Marine war chest: Nuremberg, Germany, XVI century


Nuremberg, Germany, second half of XVI – early XVII century

Dimensions: W. 84 x H. 48 x D. 45 cm, weight circa 100 kg.

Rectangular Marine chest known as Nuremberg, Armada or War chest in heavy wrought iron and riveted reinforcement straps with solid side drop handles, whose rods have been hot-fitted and are therefore unremovable. They are twisted in the middle then folded at each end in a horizontal position. This way, the handles, once lifted, lock onto the side walls, preventing carriers from getting their hands stuck. The front is decorated with a false lock and two hasps for padlocks. A rod could then be threaded thought the rings and padlocked at the end, offering additional protection.

Hinged lid, the central keyhole fitted with a spring-loaded keyhole cover. On the inside, an elaborate mechanism with twelve movable latches, concealed behind an ornamental openwork plate in chiseled metal with natural motifs, namely representing fish and birds. Another smaller lockable inner trunk welded to the metal siding. The chest is then kept open with an iron bar and this system is found on all the chests of Nuremberg. Mechanisms are fully functional with the two original keys.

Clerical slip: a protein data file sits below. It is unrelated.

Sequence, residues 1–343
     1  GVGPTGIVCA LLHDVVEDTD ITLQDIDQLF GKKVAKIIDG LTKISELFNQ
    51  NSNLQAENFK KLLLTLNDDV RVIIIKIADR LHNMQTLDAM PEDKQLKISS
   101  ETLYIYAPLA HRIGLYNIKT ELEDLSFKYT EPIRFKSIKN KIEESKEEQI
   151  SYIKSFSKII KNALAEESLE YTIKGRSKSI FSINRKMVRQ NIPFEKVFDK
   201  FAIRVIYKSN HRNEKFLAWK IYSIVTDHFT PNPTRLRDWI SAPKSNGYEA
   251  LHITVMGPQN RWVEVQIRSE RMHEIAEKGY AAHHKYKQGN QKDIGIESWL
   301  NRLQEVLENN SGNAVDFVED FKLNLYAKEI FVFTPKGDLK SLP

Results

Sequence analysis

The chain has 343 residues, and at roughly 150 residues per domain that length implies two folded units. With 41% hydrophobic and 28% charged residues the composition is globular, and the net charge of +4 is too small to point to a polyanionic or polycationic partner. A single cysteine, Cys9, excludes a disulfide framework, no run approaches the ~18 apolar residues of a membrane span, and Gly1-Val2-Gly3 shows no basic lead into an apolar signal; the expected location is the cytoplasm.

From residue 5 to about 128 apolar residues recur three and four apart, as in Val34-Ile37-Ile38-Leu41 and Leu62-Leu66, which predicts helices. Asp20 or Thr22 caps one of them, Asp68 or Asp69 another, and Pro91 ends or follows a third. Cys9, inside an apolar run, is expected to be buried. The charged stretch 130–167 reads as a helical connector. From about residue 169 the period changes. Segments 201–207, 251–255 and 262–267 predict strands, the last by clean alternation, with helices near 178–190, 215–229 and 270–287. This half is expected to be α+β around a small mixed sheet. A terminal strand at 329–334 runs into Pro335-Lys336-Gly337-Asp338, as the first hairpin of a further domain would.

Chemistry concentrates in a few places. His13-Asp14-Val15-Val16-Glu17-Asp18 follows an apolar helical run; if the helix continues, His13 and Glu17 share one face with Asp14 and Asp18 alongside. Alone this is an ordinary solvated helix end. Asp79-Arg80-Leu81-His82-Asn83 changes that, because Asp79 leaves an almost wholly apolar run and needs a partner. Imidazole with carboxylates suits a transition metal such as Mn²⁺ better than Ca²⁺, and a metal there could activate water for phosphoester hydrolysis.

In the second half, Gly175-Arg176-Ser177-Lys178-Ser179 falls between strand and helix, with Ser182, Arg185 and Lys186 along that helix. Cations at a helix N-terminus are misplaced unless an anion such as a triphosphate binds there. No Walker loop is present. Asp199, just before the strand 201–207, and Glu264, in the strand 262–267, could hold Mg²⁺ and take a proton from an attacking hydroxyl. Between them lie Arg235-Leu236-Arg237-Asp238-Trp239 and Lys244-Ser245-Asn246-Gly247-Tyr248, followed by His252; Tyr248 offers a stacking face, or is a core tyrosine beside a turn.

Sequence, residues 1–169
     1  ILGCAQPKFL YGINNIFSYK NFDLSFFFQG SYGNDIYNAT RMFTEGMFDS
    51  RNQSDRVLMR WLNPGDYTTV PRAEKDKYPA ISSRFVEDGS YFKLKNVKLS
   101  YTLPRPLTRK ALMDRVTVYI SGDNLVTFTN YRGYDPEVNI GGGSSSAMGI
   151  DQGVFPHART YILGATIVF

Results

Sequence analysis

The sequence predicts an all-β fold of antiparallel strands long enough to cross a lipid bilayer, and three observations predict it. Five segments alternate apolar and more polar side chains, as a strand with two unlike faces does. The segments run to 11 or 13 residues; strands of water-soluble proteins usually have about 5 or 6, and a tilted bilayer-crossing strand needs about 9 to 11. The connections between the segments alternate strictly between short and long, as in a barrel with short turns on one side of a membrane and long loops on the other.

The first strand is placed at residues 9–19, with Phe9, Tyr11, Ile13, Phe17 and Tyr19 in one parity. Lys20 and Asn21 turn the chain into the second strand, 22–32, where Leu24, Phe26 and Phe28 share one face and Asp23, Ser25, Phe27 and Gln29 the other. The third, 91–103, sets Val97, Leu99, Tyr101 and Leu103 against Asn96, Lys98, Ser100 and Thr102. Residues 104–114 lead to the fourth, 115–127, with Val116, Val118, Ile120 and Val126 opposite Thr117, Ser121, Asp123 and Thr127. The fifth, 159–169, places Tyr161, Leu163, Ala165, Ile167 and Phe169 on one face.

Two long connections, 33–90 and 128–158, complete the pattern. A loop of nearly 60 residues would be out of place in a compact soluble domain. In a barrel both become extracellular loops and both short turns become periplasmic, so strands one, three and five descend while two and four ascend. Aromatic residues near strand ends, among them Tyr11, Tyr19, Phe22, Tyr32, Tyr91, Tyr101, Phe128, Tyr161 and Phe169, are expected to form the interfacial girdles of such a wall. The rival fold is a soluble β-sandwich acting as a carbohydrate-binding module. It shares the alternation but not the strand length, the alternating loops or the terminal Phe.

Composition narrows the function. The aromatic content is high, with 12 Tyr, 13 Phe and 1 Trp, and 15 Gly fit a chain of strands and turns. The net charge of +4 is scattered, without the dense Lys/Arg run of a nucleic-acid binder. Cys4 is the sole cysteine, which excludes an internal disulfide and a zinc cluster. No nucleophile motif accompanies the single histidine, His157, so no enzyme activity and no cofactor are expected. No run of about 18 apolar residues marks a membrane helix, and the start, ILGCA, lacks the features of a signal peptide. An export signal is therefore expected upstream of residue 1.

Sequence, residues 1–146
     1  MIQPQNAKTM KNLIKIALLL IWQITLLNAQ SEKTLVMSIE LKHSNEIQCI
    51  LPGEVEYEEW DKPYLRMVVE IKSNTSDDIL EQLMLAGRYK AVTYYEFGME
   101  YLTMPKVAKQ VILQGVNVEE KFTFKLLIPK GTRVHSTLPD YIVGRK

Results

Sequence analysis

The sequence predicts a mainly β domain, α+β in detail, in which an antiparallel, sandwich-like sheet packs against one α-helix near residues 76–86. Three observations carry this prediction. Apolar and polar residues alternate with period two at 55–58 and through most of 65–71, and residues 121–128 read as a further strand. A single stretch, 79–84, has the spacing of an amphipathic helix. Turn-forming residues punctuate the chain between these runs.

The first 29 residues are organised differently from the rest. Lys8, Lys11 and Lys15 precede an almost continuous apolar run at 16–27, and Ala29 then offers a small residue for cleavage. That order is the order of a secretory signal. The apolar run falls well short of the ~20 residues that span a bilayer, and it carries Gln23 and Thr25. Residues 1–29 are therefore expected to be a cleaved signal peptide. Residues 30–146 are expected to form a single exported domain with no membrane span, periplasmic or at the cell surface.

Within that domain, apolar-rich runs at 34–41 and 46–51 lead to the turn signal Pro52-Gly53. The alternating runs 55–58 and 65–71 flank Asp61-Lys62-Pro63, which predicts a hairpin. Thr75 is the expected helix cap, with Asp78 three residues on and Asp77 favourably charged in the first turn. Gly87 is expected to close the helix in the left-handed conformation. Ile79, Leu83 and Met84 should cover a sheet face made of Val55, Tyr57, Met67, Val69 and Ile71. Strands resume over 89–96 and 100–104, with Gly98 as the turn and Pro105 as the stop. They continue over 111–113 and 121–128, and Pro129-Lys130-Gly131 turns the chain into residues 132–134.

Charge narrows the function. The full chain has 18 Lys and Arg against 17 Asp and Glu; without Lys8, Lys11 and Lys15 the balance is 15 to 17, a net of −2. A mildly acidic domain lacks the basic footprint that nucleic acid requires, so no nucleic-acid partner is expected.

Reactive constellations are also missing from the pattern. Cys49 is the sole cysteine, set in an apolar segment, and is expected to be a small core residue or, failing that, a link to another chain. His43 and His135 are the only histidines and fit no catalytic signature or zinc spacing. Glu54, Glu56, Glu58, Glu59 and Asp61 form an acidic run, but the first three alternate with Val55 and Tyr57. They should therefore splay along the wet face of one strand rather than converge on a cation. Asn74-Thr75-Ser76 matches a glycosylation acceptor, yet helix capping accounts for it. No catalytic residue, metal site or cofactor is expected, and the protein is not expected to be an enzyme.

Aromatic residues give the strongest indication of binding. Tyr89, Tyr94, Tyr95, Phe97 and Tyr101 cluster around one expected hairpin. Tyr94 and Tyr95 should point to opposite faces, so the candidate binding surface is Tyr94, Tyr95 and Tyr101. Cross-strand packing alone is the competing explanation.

Stunning example of a sixteenth – early seventeenth century iron bound Nuremberg chest, used to protect gold and silver coins. In very good condition and complete with the original keys. German Nuremberg blacksmiths were renown for this type of iron chest whose use is documented mainly on military ships from 1500 to 1700.

A decorative fake iron keyhole, often resembling a shell, rosette, or foliage, was frequently applied to the front face of the chest. Its primary function was to deter potential thieves; attempting to breach such a lock was futile, as the actual opening mechanism resided elsewhere. The authentic lock, accessible via a secret key, is situated on the lid, enabling the release of the lock’s entrance by delicately lifting a false rivet.

The locking mechanism was positioned on the lid’s rear surface. Activated by turning a key, the twelve bolts of our safe are engaged. To further guarantee its inviolability, the chest was fixed at the bottom to the floor of the captain’s cabin. However, as this type of chest was not used exclusively on ships, it could just as well be bolted to the floor beams of a manor.


Additional information




German private collection